I’ve only been to a handful of arena-level concerts in my life – the sorts that fill up basketball arenas and warrant ticketing services from Ticketmaster or Live Nation. Off the top of my head, I can only recollect Radiohead, Blink 182 and Lil Wayne – artists whose fame and influence simply can’t be contained by small to midsize music venues.
I was slightly apprehensive about seeing The Black Keys headlining their own arena tour. I love that band, but basketball arenas hold a lot of people. When I think Madison Square Garden – I think Foo Fighters and Lady Gaga and LCD Soundsystem (RIP). I acknowledge The Black Keys’ exponential rise in fame (which I correlate to the release of their fantastic 2010 album, Brothers), but I wasn’t sure how they’d fare in a basketball arena.
Turns out – they fare just fine. I have only seen The Black Keys perform at massive festivals like Austin City Limits and Outside Lands; at said festivals, common symptoms that affect attendees involve sunstroke, lethargy and shortened attention spans oftentimes induced by judgment impairing substances.
But The Black Keys did not shy away from the big stage at the Frank Erwin Center last night – they completely embraced it. The Black Keys soaked in the strobe lights and balcony seats and captivated the entire audience throughout the entire set, which lasted well over an hour.
The band mostly performed tracks from Brothers and El Camino, but dabbled with older material from their catalog –Thick Freakness, I Got Mine and Strange Times being crowd-pleasing favorites. They also split time performing as a full-bodied band with keyboard and guitar and playing songs as the unstoppable iconic duo that they are. It’s impressive how two individuals are capable of creating so much noise and sustaining so much energy, but The Black Keys looked like seasoned professionals and sounded like it too.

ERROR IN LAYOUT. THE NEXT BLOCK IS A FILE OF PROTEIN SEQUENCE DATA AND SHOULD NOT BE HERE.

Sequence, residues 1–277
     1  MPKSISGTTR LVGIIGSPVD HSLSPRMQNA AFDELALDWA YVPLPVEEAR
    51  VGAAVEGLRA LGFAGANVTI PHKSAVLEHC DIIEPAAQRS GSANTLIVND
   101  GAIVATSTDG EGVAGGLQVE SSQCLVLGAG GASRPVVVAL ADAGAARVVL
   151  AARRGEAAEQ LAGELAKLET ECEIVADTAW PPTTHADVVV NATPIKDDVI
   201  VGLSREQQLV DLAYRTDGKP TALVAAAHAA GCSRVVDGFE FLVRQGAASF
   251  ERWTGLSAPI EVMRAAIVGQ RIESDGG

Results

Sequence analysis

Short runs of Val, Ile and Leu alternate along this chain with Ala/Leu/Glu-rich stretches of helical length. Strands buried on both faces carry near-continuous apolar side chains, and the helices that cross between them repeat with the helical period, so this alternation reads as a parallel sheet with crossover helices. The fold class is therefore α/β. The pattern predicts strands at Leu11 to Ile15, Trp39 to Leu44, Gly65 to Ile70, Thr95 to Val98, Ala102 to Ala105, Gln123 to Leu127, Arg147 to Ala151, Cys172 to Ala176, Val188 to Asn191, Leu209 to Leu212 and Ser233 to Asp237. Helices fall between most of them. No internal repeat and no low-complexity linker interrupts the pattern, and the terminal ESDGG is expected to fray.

The band certainly didn’t skimp on production value either. A/V quality was over the top – strobe lights, stage lights, cop lights, flash lights, spotlights, streetlights – all of the lights. I didn’t think their encore could top the high-energy closer, Lonely Boy, but when the band opened the encore with my favorite Black Keys song, Everlasting Light , accompanied by an enormous disco ball reflecting lights and colors across the entire stadium – I was teleported back to a better time. The sweet melody and production reminded me of a slow-dance at a high school prom. But better yet, it reminded me of listening to the first few notes of the very first track of Brothers for the very first time – and I loved that moment.